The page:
The other day, I was having a discussion with another Christian on how we are saved. He being Southern Baptist and I Lutheran, we had a bit of disagreement. Nothing heated, but he did bring out a list of things he believes, one of such being we are not born into salvation. Now, I wasn’t quite sure where that one came from as I am not sure of any denomination that believes we are born saved, but it did get my gears turning and brought me to realization about another doctrine Southern Baptists and other denominations hold. Age of Accountability.
The Age of Accountability is a self defeating doctrine because it’s very nature denies other doctrines. Let’s just ignore the fact that there is nothing Biblical about it whatsoever and examine the whopping contradiction that it is.
The Age of Accountability right off the bat automatically claims you are born into salvation for if you cannot go to Hell until age fourteen (or whatever age your denomination holds to), then you are by default saved. If children get a pass, they are literally born into salvation. In a strange and funny way, this turns Jesus into the parent who kicks their child out of the house when they become an adult. What’s the difference between , “Alright son, you’re an adult now. It’s time you got a job and found your own place to live” and “Alright my child, you’re old enough now to decide for yourself. If you want my continued protection, you’ve got to make a choice.” This, in turn, leads to the next two contradictions.
For one thing, it directly denies (for at least a few years, anyhow) the decision theology these denominations so cling to. You have to choose to follow Jesus? Not if you’re eight. Jesus has brought you into salvation by nothing that you do. In a strange and twisted way, this is actually closer to the Gospel than what they believe the adults have to go through because at least with the child, there is nothing that they can do to be saved. It rests entirely on Jesus. Until you’re old enough that is, then you need to pull yourself up by your bootstraps. But at least for a brief time, it’s not about you; it’s about Jesus for you.
And finally, it denies their false doctrine of once saved always saved, because if children get a pass until they’re old enough to make a decision, than that means not only can they lose their salvation, but there’s a clear cut off date that it’s getting taken away unless they do something before it’s too late. If they miss the deadline, well, sucks to be them. They’re going to have to try harder to get back into God’s good graces. Thankfully, once they pass the arbitrary I Chose Jesus test, they’re set for life. I think they should really start calling it Once Saved Again, Always Saved. It’s much more honest that way. I don’t think they realize it, but the whole once saved (again) always saved doctrine is like a free pass to go all heretical. Age of Accountability technically gives children a free pass to be as heretical as they like for a limited time only.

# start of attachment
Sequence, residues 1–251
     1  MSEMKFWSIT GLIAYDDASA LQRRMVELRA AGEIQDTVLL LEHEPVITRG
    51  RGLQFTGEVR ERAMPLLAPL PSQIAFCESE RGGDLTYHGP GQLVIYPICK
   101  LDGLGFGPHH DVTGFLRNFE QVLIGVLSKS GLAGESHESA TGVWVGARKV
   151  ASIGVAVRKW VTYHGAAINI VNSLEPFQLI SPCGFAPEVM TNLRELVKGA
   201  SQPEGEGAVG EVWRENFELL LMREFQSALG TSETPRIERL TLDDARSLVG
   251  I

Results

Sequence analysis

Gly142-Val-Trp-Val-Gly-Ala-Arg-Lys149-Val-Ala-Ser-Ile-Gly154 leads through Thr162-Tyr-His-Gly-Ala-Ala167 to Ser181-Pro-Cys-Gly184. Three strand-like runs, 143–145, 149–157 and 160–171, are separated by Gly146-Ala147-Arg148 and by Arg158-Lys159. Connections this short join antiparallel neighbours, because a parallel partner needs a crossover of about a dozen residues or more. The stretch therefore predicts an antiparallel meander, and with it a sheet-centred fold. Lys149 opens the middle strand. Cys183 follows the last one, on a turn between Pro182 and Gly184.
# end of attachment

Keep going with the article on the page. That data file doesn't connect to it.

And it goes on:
In reality, there is no Gospel in the Age of Accountability. For the children, it gives them a false sense of security. As they get older, towards that age in which they shall be held accountable, it can potentially give them an unwarranted sense of anxiety. And then, beyond that, once they’re saved again, either a sense of self-righteousness or constant worry of if they’re good enough. The fact of the matter is, Jesus died for you sins on the cross and you are called to believe his promise that he will rescue you from sin, death, and the devil. How are you called to believe? Through faith and faith comes through hearing and hearing through the Word of God. You don’t make a decision. You don’t invite Jesus into your heart. You don’t do anything except for hear the Word and believe.
If you can think of any other ways the Age of Accountability is self-defeating, I’d love to hear it in the comments below. There may be more, but these were the three examples that I could immediately think of.